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Windshield Washer Fluid: What To Know

Windshield washer fluid

Keeping your washer fluid full means you can always get a clean windshield.

If there’s only one fluid (besides fuel) that you refill yourself, it’s probably windshield washer fluid. This is what you spray on your windshield to keep it clean as you drive, and the easiest fluid to maintain on your own. Here’s everything you need to know about it.

How To Check the Windshield Washer Fluid

Windshield washer reservoir

Many cars will light up a dashboard warning when your washer fluid is low. Not every car has this. To check, open your hood, and look for a black cap with this symbol on it:

Windshield washer fluid filler

This is your washer fluid. In some cars, you can simply look at the translucent reservoir and see how much fluid is left inside. (The fluid itself can be one of a few colors — more on this later.) Some cars, where the reservoir isn’t visible, have a dipstick you can use to check the level the same way as your oil or transmission fluid.

Symptoms of Low Fluid

The first sign of low fluid is a delay between when you start to spray fluid, and the fluid actually coming out onto your windshield. Air might have gotten into the hoses because there isn’t enough fluid left to keep the system topped off. This isn’t a problem, but it is a sign that you’ll be out of fluid soon.

When you run completely out of fluid, none will come out when you try to spray it. You’ll likely hear the electric pump whining a bit. Normally the fluid in the pump keeps it quiet. The good news is that running out of windshield washer fluid causes no damage to your car. Simply refill it, and keep on going.

How To Refill the Washer Fluid

Simply open your bottle of washer fluid and pour it into the reservoir with the washer fluid symbol on its cap. Fill it all the way to the top. Many cars have reservoirs that will hold a gallon of fluid, which is exactly how much comes in a bottle. Other cars may have smaller reservoirs, so be careful not to overfill. Splashed fluid won’t hurt anything, but you don’t want to waste it, either.

The next time you spray your windshield it will take a couple of seconds for the fluid to flow back into the system. Once it sprays, you’re good to go.

What Kind of Washer Fluid to Use

Most of us are already familiar with the standard blue washer fluid, but there are other types available as well that may enhance performance in various conditions. Any of these fluids are safe to use in any car, so choose whichever type fits your needs. Sometimes fluids fit more than one of these categories.

Standard Blue

This is the most common type of washer fluid. It’s blue, like Windex, which makes sense because you use both for cleaning glass. There’s nothing special about it, but it does the job. It’s the least expensive type of windshield washer fluid, and the most common type to find.


If you drive in cold weather, you may have had your washer fluid freeze. Since roads are often dirty in winter, this disables your washer system right when you need it most. To winterize your vehicle and your wiper blades, you can buy winter washer fluid which includes a form of antifreeze. This not only prevents it from freezing in the reservoir, but also from freezing on the windshield immediately after you spray it.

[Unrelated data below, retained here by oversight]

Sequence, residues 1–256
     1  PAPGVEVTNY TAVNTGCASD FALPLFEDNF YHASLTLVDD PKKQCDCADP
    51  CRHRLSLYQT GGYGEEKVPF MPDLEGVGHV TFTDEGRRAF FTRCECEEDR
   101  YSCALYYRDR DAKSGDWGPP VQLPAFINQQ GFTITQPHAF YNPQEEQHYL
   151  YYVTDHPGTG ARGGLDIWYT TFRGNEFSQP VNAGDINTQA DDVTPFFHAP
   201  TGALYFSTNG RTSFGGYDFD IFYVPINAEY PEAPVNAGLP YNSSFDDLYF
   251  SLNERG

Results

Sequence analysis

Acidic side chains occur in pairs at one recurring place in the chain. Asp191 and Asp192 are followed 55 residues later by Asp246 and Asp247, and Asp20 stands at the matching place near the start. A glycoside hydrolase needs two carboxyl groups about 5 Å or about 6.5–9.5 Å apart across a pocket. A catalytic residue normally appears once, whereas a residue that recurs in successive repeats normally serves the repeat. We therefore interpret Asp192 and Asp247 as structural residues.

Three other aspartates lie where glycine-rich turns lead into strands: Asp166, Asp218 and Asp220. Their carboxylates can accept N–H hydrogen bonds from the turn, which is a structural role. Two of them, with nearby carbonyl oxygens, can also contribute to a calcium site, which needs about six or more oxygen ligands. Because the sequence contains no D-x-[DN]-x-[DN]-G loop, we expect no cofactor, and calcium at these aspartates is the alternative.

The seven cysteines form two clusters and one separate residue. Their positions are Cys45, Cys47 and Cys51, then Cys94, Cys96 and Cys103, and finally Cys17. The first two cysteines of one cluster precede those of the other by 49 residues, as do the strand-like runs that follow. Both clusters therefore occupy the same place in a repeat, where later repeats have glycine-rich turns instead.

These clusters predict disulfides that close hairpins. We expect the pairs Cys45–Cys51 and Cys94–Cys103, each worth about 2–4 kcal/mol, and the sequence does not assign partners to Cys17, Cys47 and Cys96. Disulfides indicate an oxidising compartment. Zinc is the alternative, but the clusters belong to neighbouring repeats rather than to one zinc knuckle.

Winter washer fluid is usually orange, so it’s easy to find. It’s more expensive than standard blue fluid and provides no additional benefit in temperatures above freezing. I’ve typically run winter fluid until temperatures are consistently above freezing in the morning, then switched to standard blue the next time I run out.


Nobody likes bug splats on their windshield. Not only are they gross, but they also interfere with visibility, which can be a safety hazard. Sometimes standard blue washer fluid isn’t strong enough to wash this mess off your windshield during that summer road trip.

This is where summer washer fluid comes in. Typically green in color, it contains special additives designed to break down bug guts and wash them out of your way. If you live in an area with lots of insects, this may be well worth using, even if it costs a little bit more. Summer fluid is just as susceptible to freezing as standard blue fluid. If you live somewhere without many insects, the standard blue fluid should be just fine for summer.

Water Beading

Many driving enthusiasts enjoy the benefits of RainX or similar products on their windshields. This is essentially a type of wax suitable for glass. Some washer fluids include such an additive that makes treating your windshield as easy as spraying it with fluid. The end result is that water drops slide right off your windshield as you drive, particularly at higher speeds. You won’t need to use your wipers as much, extending the life of your wiper blades.


Although there’s more to know about windshield washer fluid than just pouring the blue stuff in, it’s one of the easiest things you can do to maintain your car yourself. Choose the best fluid to fit your needs, top it off, and you’re good to go! Don’t forget to use the FIXD Sensor and app to keep track of your windshield wipers and other maintenance items and monitor car health to stay road-ready 24/7!


Recovering autocross and track day enthusiast. Once turned a VW Jetta into a pickup truck. Lives in a van down by the river. Dream car: 2001 Subaru WRC rally car.

We’re here to help you simplify car care and save, so this post may contain affiliate links to help you do just that. If you click on a link and take action, we may earn a commission. However, the analysis and opinions expressed are our own.


About the Author

Justin Hughes

Justin Hughes

Recovering autocross and track day enthusiast. Once turned a VW Jetta into a pickup truck. Lives in a van down by the river. Dream car: 2001 Subaru WRC rally car.

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